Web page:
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MOSCOW (Reuters) - Russia's state arms exporter has filed a lawsuit against a businessman who said it was seeking to grab private assets, the latest salvo in what analysts have said is a turf war raging behind the scenes between Kremlin clans.
The dispute between fund manager Oleg Shvartsman and arms exporter Rosoboronexport offered a rare public glimpse into infighting between the opaque groups around President Vladimir Putin as he prepares to hand over to a favored successor.
The row began when Shvartsman said in a newspaper interview in November that he was planning to act as a corporate raider on behalf of Kremlin-linked interests that included Rosoboronexport and Igor Sechin, Putin's media-shy deputy chief of staff.
The arms exporter denied it had any links to Shvartsman or his businesses, or that it planned to work with him.
Observers interpreted his claim as part of an orchestrated attack on the "siloviki" -- a loose grouping of Putin associates with security backgrounds in which Sechin and Rosoboronexport's overall boss Sergei Chemezov are key figures.
Shvartsman's newspaper interview sent shockwaves through Russia's political and business elite because any claim that top officials have business interests is considered taboo.
In the latest move, Rosoboronexport on Friday filed a case in the Moscow Arbitration Court against Shvartsman and Kommersant, the business newspaper which published his interview, the court said on its web site www.msk.arbitr.ru.
The court said the arms exporter had filed the case because it was "seeking to protect its business reputation".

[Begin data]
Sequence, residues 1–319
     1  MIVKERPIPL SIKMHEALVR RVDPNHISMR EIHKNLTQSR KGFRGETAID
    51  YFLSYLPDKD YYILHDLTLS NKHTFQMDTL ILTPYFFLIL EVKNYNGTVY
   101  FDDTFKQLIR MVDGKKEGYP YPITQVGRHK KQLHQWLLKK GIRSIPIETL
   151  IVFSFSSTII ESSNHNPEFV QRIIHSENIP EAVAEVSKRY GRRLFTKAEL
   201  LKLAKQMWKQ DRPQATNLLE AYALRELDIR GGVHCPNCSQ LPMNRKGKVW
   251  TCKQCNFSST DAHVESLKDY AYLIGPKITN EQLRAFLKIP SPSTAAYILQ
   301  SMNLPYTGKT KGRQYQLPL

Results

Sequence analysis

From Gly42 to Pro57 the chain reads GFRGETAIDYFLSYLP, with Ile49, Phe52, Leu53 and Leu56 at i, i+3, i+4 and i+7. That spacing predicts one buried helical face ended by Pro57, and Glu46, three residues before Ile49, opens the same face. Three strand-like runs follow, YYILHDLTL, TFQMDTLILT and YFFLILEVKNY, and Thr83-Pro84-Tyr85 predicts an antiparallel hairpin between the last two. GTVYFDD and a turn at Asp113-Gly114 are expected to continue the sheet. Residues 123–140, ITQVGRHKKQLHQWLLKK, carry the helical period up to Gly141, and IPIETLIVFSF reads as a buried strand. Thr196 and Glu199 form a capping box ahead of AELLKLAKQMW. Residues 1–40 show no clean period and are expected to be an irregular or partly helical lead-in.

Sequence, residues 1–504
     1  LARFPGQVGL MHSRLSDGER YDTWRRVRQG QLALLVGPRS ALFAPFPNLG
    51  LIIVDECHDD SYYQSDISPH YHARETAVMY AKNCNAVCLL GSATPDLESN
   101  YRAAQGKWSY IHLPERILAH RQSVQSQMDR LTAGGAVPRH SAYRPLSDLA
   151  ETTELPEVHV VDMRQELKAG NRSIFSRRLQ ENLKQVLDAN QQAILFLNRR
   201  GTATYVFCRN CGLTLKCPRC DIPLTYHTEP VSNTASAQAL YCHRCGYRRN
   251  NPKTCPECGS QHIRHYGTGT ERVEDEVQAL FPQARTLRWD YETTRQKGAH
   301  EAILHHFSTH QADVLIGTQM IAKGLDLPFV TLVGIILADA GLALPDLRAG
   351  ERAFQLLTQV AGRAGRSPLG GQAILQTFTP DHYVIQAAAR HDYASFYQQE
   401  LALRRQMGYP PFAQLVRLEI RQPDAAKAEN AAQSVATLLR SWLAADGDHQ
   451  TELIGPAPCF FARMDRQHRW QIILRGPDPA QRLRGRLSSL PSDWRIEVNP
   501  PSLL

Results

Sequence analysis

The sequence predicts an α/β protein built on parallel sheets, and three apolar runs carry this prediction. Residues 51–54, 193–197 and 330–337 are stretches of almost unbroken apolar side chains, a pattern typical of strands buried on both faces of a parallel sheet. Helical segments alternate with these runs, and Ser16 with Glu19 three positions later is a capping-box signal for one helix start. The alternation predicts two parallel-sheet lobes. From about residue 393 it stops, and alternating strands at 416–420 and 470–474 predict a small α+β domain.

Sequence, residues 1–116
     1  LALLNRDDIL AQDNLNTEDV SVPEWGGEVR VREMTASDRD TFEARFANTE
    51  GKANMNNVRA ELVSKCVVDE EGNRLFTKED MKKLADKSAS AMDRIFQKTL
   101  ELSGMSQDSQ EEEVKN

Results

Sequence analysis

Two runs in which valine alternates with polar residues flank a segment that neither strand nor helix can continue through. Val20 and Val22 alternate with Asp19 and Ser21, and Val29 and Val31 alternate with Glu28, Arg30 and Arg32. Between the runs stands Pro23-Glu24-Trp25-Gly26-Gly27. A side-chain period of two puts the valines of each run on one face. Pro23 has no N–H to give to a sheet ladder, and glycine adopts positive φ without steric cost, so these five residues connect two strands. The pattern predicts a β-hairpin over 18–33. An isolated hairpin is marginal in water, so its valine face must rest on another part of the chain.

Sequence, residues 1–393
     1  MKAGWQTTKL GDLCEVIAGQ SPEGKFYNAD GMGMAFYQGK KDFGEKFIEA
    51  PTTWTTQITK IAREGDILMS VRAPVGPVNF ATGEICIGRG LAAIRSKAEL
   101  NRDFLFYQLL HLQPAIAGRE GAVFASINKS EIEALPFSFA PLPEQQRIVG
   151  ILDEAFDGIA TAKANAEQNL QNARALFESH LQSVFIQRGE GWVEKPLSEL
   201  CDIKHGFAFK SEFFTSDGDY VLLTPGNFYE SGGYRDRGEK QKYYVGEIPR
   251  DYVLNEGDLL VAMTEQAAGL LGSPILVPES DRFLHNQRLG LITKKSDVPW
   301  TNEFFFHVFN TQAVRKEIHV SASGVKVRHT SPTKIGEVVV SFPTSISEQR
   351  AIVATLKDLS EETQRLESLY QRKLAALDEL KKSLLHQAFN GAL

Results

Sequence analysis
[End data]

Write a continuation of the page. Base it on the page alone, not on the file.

Neither Rosoboronexport nor Shvartsman could be reached immediately for comment. Kommersant editor Andrei Vasilyev told Reuters he knew nothing of the lawsuit because he was on holiday outside Russia. Shvartsman previously said the newspaper quoted him out of context.
The hugely popular Putin is to step down next year and he has endorsed his close ally Dmitry Medvedev to succeed him, virtually assuring Medvedev victory in a presidential election in March.
The biggest threat to a smooth handover is an outbreak of infighting inside the Kremlin as rival clans jostle for influence after Putin leaves office.
Some observers saw Putin's endorsement of Medvedev, a former law professor with no security background, as a blow to the "siloviki" and a victory for rival groups.
But analysts say the "siloviki" could still hit back by trying to derail a handover of power to Medvedev.
Commentators speculated that a Kremlin group was behind the initiative to publish the interview and that its aim had been to discredit the "siloviki" and weaken their influence.
Reporting by Dmitry Solovyov; Editing by Tim Pearce